every day has a silver lining
As soon as I approached the Airstream factory in Jackson Center, Ohio, all I saw was a field of silver glinting in the sun. I wish there’d been an overlook hill to provide even better perspective, but Jackson Center is a small town of 1200 in the flat, flat farmland of northwest Ohio.
And, as such, I wondered how many people would be on this free factory tour. I envisioned myself as a lone curiosity-seeker, willing to drive two hours to see how Airstreams are made. But I was not unique in my quest to explore this silver mecca; there were nearly 40 of us for the tour!
The tour began with a brief introductory talk about visionary Wally Byam. Born in Oregon in 1896, Byam worked on a farm, living on a wagon equipped with a stove, food, water, and everything he needed for shelter. Hhmmm… a wagon that had all the essentials he needed inside…
It’s easy to see where he got his inspiration. Add a love of camping and the timely invention of the Model-T, and the idea for the Airstream was born.
Byam’s first prototype was built atop of Model T chassis in 1929. He tweaked it enough to make something functional that was featured in Popular Mechanics (a magazine my engineering father read religiously throughout my childhood). Demand was immediate. At first, Byam sold DIY blueprints for $5.00 a pop, but by 1931, he’d opened a small factory making mobile campers for others.
From those early beginnings, Airstream took off and became a travel-trailer icon. The curved edges and silver frame are its trademark, but until you see inside one, you don’t realize the craftsmanship that goes into creating each one.
When you walk into their manufacturing plant you understand immediately what is so special about an Airstream: everything that makes an Airstream is crafted right there (except for things like TV’s and microwaves). The wood is cut for the cabinets, the bed frames, the floorboard, the storage cabinets and tables. Every piece has rounded edges to decrease the injury of bumping into sharp edges in a moving vehicle.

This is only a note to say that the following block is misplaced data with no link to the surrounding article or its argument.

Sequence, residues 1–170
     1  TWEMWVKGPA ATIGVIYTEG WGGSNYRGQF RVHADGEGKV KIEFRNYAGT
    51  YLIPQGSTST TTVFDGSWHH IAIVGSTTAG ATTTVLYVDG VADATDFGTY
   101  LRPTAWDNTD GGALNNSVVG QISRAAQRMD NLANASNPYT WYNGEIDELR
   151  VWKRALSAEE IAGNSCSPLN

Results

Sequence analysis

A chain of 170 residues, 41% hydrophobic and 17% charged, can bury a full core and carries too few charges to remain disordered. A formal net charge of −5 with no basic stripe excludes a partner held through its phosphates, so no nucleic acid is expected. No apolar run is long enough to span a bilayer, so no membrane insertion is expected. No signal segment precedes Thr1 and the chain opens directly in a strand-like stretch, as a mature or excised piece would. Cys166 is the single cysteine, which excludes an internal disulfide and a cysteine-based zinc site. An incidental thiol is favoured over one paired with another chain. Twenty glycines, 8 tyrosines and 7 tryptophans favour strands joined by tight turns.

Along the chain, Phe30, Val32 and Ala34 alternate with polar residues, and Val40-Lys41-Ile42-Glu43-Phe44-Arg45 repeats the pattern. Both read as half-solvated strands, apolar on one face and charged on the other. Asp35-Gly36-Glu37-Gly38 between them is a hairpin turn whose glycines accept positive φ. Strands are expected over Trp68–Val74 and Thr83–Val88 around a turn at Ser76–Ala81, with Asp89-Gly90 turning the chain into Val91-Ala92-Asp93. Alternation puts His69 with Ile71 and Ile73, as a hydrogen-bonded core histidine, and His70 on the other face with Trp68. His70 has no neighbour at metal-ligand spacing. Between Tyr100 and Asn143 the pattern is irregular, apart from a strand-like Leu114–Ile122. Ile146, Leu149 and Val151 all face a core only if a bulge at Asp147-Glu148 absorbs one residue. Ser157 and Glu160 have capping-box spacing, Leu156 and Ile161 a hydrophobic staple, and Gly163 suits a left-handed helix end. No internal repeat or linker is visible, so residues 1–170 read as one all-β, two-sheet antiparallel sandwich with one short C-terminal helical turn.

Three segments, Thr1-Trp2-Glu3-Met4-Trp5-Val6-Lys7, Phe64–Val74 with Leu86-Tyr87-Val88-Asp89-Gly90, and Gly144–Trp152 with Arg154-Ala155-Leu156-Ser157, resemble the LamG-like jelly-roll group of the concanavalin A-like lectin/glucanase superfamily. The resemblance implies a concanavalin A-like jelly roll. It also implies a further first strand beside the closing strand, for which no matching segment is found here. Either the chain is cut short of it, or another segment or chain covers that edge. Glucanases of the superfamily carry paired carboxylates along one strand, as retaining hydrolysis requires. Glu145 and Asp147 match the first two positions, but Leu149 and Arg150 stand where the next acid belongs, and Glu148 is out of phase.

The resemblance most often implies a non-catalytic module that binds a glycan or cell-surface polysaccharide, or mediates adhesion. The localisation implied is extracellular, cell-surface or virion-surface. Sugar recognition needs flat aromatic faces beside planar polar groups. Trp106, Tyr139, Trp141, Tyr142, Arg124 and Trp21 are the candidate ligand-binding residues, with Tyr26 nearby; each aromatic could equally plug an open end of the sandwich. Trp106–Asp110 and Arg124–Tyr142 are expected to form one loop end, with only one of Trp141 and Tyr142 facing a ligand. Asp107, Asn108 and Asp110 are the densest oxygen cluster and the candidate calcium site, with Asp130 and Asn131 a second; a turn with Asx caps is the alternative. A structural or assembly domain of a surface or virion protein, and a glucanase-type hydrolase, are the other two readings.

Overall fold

The metal is cut and riveted together by teams of people. Each rivet is individually bucked to piece together the silver frame.
If you’re there during one of their free factory tours on Monday-Thursday, you may see teams of two riveting the pieces together. Tours that take place during work hours require that visitors wear protective goggles and earplugs. I’m sure it’s a very noisy environment. But on Fridays, workers get off after a half day, so by 2:00, the plant is cleaned up and empty of workers. It makes it easier to hear and look at things up close, but I would have liked to see some of the work being done.
I was so impressed that the curtains for the Airstreams, the metal frame and white-topped roof are all made right there at the factory in Jackson Center. Other parts like the chassis are brought in from Elkhart, Indiana, which isn’t all that far from the plant.
Airstreams have become so popular in recent years that there is a back-order of 2400 trailers. Every Airstream is made in Jackson Center. Each takes about 230 man-hours, or 3 days, to create. Each shiny silver trailer I saw on the premises was already sold, some even being shipped to Europe or Australia. It was a source of pride for the county, the state, and the country.
Construction is already under way down the road from the plant to build a massive new plant that should add 300 jobs to this small town in a county still heavily dotted with farms. You can tell that the employees take pride in their work. Maybe it’s because each person has a part in making each one.
I know if I were hitting the road in an Airstream, I would feel confident that it was made with attention to every detail. I’d prefer a motorhome rather than a trailer that needs to be pulled by a truck, but Airstream isn’t concentrating on that model currently. Hopefully they will by the time I’m ready to hit the open road and enjoy the silver lining of retirement. Possibly in an Airstream!
If you had an Airstream, where would the road take you?